Dr Christopher Tufton yesterday said the health authorities are encouraged by the relatively low numbers of COVID-19 infections which have been detected since the Government started a phased re-entry programme on April 20 allowing Jamaicans to come home.
The figures, Dr Tufton said, gives the Ministry of Health and Wellness an indication of the challenge it faces, and provides an opportunity to make the necessary adjustments as the country prepares for more aggressive re-entry of Jamaicans from overseas as of June 15.
A total of 4,278 Jamaicans have returned home, with 989 of those returning since June 1, on 22 passenger flights into Kingston and Montego Bay. Of the number of Jamaicans who came home under the programme 49 cruise ship workers and 26 from passenger flights have tested positive.
Dr Tufton, the health and wellness minister, shared the information during a digital press conference, adding that there are six new positive COVID-19 cases, bringing to 611 the total number of cases recorded since the first one in March. Two of the six new cases are from St Elizabeth, two from St James, and one each from Portland and St Catherine.
A total of 408 patients, or 66.8 per cent, have recovered from the virus, and 45 test results are pending.
Dr Tufton also sought to address a report carried by this newspaper yesterday that several Jamaicans being monitored at a University of the West Indies (UWI) student housing facility in Mona were restive, as they believe their test results were being mismanaged by the ministry.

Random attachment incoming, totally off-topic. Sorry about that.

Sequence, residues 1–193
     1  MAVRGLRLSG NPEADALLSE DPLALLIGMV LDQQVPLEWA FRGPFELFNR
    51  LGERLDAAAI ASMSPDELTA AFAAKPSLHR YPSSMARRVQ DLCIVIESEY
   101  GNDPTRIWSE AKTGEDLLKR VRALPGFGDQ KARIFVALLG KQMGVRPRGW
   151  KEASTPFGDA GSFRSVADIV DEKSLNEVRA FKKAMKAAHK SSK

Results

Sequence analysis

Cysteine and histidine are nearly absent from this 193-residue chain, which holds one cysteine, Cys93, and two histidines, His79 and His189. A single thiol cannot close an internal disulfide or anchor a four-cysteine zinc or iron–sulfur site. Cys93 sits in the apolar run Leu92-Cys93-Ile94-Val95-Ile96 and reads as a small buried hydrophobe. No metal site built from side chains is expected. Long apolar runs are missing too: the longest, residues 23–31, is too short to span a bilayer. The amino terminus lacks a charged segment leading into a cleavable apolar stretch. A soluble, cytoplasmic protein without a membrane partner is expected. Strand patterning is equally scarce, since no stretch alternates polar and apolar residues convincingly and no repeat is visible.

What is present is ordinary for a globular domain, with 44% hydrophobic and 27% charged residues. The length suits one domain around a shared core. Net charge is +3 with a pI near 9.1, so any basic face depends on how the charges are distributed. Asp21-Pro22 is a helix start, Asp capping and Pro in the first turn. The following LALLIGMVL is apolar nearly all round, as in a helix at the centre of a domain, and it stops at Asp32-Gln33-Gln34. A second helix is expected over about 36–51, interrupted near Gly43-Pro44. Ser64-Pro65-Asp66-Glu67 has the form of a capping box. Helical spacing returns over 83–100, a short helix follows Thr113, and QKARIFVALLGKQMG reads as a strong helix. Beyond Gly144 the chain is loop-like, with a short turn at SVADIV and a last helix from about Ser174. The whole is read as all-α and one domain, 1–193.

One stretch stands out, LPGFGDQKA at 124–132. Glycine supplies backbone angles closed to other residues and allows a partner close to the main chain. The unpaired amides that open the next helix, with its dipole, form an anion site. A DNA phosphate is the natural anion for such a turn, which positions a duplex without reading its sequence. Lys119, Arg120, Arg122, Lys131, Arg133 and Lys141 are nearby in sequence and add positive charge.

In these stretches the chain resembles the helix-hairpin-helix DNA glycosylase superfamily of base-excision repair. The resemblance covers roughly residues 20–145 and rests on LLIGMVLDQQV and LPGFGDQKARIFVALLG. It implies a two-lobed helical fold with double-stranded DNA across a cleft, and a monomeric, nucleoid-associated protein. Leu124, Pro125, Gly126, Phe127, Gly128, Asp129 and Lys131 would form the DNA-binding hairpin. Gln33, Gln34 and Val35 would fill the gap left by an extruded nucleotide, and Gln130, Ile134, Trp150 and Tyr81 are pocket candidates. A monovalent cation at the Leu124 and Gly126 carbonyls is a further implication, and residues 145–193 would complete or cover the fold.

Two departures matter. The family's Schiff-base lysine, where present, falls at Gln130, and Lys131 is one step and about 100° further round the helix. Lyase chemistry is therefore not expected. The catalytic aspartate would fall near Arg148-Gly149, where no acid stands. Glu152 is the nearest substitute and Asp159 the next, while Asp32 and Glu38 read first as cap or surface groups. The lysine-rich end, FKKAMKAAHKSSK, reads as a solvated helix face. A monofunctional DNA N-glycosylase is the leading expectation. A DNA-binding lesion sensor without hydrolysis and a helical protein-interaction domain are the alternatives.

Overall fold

He said there may be some ambiguity or lack of understanding surrounding the protocol for testing and results, pointing out that results are generally returned in 24 to 36 hours. However, he said a number of factors can cause a hold-up.
“This period may be lengthened on occasion for a number of reasons, including a delay in the transportation of samples, samples held as more processing is required, or retesting is required because samples may be compromised or an invalid report was generated by the machine… this process, even though efficient, does have downtime, and contributes to delays… it’s not something that we are happy about; we don’t want to inconvenience persons who are waiting for results, and we regret where persons have to wait, but it’s not a precise science because of the mechanical and the limited staff that we have,” Dr Tufton said.
Approximately 50 people are being housed at the newly commissioned quarantine facility.
Seven of them who spoke with the Jamaica Observer were reportedly transferred to the UWI facility from Bahia Principe hotel in St Ann, due to the Government’s contract with the hotel for the arrangement having expired. They complained that bungling by the health ministry had caused their time at the university facility to be extended.
The ministry said a total of 15,428 tests have now been done, 325 of them over the past 24 hours up to yesterday.
Meanwhile, Dr Tufton said the number of positive results which have come from people returning to the island suggests that Jamaicans overseas have been taking the necessary precautions to prevent infection.
“We know when persons return there will be risk of exposure. We do expect positive cases, but so far we haven’t had a large number of cases. It means that the persons who are coming in have a large responsibility because they may be in an incubation period and they may become positive during the time when they’re at home, therefore that risk has to be managed by personal responsibility,” the health minister said.
Dr Tufton also emphasised that the health authorities are fully behind the decisions taken by the Andrew Holness Administration for reopening the economy while recognising that a balance must be struck with maintaining safety precautions.
“We work as one Government,” he stated.
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